I wish to measure a voltage that may vary between 11 V and 15 V with the ADC of an AVR32DA32. I'm using a voltage reference of 2.5 V and picked a 5.1 kΩ and a 820 Ω resistor to create a divider to bring the voltage range down to 2.078 V and 1.524 V.

Now admittedly, I chose these resistor values almost completely arbitrarily, other than to bring the voltage below 2.5 V while using common resistor sizes. I set off looking to justify my resistor choice or find a different solution and saw a few places recommending to use a voltage follower after the divider to minimize the input impedance of the ADC.

But in the data sheet I found the "Recommended Impedance of Analog Voltage Source" to be 10 kΩ. This confused me because it seems to contradict the idea of minimizing the input impedance.

1. First of all, is there a piece of the puzzle that I'm missing here, or maybe something I'm not understanding?
2. Would it be best to follow the suggestion of the datasheet and (assuming I'm interpreting it correctly) set up the voltage divider to have an output impedance of 10 kΩ, following that the impedance of a voltage divider is $$\\frac{R1\cdot R2}{R1 + R2}\$$? Or should I rather seek to minimize the ADC's input impedance?

• That ZAIN spec does not make sense.. What is the part number? Aug 22, 2022 at 3:18
• I see nothing after a glance over the ADC specs that suggests that an input impedance well below 10 kOhm would do any harm. Aug 22, 2022 at 6:04
• Seems like a sloppy datasheet. The maximum source impedance would be 10k$\Omega$. Anything lower is fine (better, in fact). Aug 22, 2022 at 6:08
• @RussellH the part number is AVR32DA32. Aug 22, 2022 at 14:51

When the ADC acquires, it charges its sampling capacitor from the input during a fixed amount of time. If source impedance is too high, voltage on the sampling cap will not settle fast enough to reach an accurate value before the sampling time ends. This is why they specify a maximum source impedance. A lower impedance makes settling faster, which provides no extra accuracy if it already has settled to 1LSB, but it won't hurt either.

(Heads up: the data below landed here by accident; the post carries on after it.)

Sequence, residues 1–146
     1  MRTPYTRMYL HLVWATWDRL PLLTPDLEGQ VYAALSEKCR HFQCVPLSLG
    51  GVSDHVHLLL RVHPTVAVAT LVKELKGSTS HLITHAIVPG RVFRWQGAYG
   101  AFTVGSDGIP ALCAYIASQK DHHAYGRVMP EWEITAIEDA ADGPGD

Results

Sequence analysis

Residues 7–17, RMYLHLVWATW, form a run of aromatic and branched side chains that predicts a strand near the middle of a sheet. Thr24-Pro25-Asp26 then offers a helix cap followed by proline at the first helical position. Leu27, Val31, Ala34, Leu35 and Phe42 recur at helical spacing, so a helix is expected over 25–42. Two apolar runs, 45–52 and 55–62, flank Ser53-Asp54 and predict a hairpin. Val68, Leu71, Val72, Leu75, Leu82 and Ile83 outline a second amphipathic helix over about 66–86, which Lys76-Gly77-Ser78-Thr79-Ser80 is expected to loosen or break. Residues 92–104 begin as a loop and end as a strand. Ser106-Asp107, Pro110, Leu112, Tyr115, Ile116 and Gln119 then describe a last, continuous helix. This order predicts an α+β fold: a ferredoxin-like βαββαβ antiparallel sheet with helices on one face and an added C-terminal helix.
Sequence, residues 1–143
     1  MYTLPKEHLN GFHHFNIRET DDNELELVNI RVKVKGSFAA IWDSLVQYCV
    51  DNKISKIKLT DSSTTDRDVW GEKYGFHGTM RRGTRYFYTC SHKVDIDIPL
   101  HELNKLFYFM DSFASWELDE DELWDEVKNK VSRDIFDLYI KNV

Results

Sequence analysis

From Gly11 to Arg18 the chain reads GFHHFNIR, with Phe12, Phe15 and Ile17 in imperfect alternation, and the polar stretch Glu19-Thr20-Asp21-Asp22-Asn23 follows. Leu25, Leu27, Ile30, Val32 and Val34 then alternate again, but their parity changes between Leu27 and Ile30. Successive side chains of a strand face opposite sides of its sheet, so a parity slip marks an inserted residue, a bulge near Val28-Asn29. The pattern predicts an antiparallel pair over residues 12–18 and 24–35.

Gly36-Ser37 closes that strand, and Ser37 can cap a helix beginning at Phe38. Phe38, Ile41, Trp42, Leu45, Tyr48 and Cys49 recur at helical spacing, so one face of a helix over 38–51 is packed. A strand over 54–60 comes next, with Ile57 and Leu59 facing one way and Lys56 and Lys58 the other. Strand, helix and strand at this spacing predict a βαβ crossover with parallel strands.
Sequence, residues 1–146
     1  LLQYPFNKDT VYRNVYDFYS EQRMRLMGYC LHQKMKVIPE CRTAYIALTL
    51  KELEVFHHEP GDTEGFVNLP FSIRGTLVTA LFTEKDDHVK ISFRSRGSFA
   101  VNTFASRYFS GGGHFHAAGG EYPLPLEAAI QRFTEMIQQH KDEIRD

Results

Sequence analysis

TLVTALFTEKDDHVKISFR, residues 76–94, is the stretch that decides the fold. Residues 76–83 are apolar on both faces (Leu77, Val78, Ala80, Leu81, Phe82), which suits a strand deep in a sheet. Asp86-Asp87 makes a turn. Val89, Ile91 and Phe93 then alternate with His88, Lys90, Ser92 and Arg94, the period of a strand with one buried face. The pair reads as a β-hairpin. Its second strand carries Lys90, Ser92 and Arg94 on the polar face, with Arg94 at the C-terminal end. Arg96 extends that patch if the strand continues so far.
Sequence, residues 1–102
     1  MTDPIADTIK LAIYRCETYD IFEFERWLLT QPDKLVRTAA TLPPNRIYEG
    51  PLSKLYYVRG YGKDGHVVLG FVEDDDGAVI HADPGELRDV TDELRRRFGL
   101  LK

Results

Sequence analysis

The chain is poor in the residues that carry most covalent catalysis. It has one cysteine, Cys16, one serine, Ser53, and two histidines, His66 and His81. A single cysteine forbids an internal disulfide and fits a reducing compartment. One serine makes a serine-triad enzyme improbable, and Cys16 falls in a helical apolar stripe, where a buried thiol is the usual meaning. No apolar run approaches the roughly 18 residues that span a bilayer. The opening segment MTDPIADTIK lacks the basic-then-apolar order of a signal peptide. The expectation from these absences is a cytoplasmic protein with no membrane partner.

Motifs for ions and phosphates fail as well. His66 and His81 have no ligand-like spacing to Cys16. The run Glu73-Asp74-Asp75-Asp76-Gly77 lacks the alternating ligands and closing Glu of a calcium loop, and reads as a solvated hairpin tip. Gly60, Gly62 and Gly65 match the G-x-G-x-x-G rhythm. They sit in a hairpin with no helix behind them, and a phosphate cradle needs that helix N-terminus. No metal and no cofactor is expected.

If you don't want your voltage divider to waste current, you can use resistor values that set the output impedance to the recommended value, so $$\R1 \| R2 = 10k\$$, something like 71.4k and 11.5k.

You can use higher resistor values, but then you need a filter cap at the input of the ADC, and its value must be higher than the ADC sampling cap multiplied by its resolution (4096 for 12 bit). The idea is that when the ADC connects its cap (say 2pF) to the filter cap (say 10nF) then the voltage drop on the filter cap will be less than 1LSB (1/4096). In this case the ADC sampling rate should be low enough so voltage on the filter cap has time to settle between acquisitions. This is useful for battery powered systems.

The input impedance of an ADC cannot be minimized. It is not desirable to do so. It is fixed and often can be quite low (10k to 50k). I have seen high input impedances > 1M. It is desirable to minimize the source impedance, which is $$\R_{1}//(R_{2}+R_{Vs})\$$.

The input may also expose a sampling capacitor that will rely on current from the signal source. The information is usually specified in the datasheet, but I cannot find it in the AVR32DA32 that you are using.

I think the data sheet source impedance $$\Z_{AIN}\$$ is either miss labeled as an analog input impedance (AIN) or the description is incorrect as a source impedance.

If $$\Z_{AIN}\$$ is a source impedance it should be listed as a maximum value.

If it is an input impedance the typical (or minimum) value would be appropriate.

An assumption cannot be made here. As a maximum source resistance, the input impedance would be very high in order to resolve 12 bits with < 1LSB of loading. $$2^{n}<\frac {Z_{AIN}}{Z_{src}}$$

As an input impedance, the $$\Z_{src}\$$ would need to be very small.

You should ask Microchip to clarify. It can be measured but not with an ohmmeter. Need to measure voltage drops which means a test PCB. Yuck!

A second point is that the sample time can be made longer, in one of the ADCs registers, for high source impedances. This means that the charging current for the sampling capacitor does come from the signal input.

I speculate that the datasheet meant that the source impedance can be as high as 10k. So in your case an increase in sample time may be required. Your voltage divider is probably ok.

You can increase $$\R_{1}\$$ and $$\R_{2}\$$ if you want to reduce loading on your voltage source. You will then increase the sample time to make it work.

Try to keep the source impedance low and the ADCs input impedance high. If either cannot be met then include a unity gain buffer in between them.